[1] An accessory building or structure is defined in §34-2 of the LDC to mean "a building or structure which is customarily incidental and subordinate to a principal building or to the principal use of the premises, and located on the same premises.” The principal use of residential property is habitation, and thus swimming pools and decks would be accessory structures. Moreover, the section on swimming pools and decks (§34-1176) is found in the division of the LDC entitled Accessory Uses, Buildings, and Structures.

[2]Per §34-638(d)(3)b.3., if the property has a seawall, the setback is measured from the seaward side, i.e. the wet side, of the seawall to the structure.

[3]Based on our review of the permit applications for the properties at issue on Palermo Circle, on our site visit to 301 Palermo Circle and 561 Palermo Circle on December 12, 2013, and on our conversations with the Town’s Community Development Department staff, there are no plans to enclose any of the elevated swimming pools and decks with fences or open-mesh screening. Thus, any height and setback restrictions for fences and open-mesh screening do not affect this opinion. Furthermore, it has come to our attention that Lee County has an almost identical zoning regulation to §34-638(d)(3)c.3. in its land development code, and Lee County’s staff has interpreted its code to restrict pool and deck heights to 42 inches (3½ feet). We do not know if there is another provision within Lee County’s code restricting pool and deck heights or if there is another reason for that interpretation. However, it is clear that the language, "3½ feet above grade to the top of the enclosure,” is referring specifically to open-mesh screen enclosures, not the height of the pool or deck.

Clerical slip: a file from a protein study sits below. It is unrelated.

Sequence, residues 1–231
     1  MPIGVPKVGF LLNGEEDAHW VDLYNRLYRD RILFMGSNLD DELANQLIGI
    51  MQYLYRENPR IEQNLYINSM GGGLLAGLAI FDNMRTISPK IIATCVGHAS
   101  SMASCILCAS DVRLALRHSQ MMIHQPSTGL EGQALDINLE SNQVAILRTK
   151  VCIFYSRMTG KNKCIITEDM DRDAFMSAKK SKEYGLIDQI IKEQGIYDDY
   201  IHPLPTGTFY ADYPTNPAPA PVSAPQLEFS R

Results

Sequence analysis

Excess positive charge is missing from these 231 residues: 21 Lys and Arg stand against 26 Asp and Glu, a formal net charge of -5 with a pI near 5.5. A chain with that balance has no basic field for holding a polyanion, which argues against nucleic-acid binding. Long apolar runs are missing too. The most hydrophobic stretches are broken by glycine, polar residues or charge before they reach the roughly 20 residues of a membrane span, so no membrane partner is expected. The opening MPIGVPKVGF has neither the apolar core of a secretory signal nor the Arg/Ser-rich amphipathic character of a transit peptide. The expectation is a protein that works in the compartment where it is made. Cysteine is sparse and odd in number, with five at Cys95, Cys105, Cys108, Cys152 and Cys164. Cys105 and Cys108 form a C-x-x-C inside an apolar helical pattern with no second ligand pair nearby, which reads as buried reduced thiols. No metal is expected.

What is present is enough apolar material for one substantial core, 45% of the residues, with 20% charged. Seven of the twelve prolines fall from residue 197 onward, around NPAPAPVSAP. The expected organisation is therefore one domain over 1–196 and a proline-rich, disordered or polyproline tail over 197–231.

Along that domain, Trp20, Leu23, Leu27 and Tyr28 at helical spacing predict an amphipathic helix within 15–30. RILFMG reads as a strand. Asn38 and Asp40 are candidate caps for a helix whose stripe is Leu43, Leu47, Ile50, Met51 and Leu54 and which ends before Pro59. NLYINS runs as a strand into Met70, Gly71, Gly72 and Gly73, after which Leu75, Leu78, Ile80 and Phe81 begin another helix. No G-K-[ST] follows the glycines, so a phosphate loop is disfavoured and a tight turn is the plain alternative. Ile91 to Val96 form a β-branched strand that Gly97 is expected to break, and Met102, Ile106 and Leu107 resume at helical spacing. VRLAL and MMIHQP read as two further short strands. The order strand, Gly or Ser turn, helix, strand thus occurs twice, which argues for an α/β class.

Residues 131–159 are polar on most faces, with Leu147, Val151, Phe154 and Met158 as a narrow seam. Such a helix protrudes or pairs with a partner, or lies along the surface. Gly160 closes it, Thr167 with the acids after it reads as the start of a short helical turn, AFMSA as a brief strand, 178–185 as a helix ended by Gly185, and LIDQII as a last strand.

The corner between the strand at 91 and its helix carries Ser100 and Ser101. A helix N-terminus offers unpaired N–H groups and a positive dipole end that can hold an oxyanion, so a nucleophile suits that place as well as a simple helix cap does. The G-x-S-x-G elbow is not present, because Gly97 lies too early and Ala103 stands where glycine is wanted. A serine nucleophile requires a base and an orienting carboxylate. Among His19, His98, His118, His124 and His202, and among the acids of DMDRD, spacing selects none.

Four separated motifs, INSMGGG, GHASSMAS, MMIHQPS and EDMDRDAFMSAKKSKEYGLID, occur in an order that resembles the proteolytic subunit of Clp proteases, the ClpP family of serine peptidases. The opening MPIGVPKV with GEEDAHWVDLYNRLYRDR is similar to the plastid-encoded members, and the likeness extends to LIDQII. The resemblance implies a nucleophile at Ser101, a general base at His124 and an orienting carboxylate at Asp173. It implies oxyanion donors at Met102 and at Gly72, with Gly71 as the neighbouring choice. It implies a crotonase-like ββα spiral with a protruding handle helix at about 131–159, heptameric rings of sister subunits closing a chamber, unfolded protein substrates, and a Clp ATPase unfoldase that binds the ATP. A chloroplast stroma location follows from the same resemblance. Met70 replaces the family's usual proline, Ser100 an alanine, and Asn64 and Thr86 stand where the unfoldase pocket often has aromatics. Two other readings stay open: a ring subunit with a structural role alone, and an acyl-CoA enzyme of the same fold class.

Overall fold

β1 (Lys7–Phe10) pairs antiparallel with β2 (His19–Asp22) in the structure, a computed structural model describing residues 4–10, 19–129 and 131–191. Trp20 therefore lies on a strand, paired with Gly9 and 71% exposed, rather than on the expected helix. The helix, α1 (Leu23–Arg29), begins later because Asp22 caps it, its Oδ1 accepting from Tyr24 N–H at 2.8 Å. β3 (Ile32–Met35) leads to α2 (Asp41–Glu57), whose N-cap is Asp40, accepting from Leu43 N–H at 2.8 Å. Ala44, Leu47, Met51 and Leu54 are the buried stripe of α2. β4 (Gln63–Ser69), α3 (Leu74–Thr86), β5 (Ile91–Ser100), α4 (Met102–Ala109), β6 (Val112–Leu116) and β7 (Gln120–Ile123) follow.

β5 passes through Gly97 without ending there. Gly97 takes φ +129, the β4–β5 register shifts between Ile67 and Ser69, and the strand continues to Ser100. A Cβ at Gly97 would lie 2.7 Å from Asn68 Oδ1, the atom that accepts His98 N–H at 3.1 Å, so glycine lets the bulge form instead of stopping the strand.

[4]Some residents have also asserted that the space between the opaque walls of the elevated deck constitute an "enclosure” for purposes of prohibiting elevated pools. However, the ordinary meaning of "enclosure” with respect to a swimming pool and deck would be the surface area of the deck and pool, not the cement and steel below.

[5] It is our understanding that one or more residents have asserted that the LDC prohibits elevated swimming pools and decks over 42 inches (3½ feet) within 25 feet of a body of water. However, we have found no such restriction within the LDC.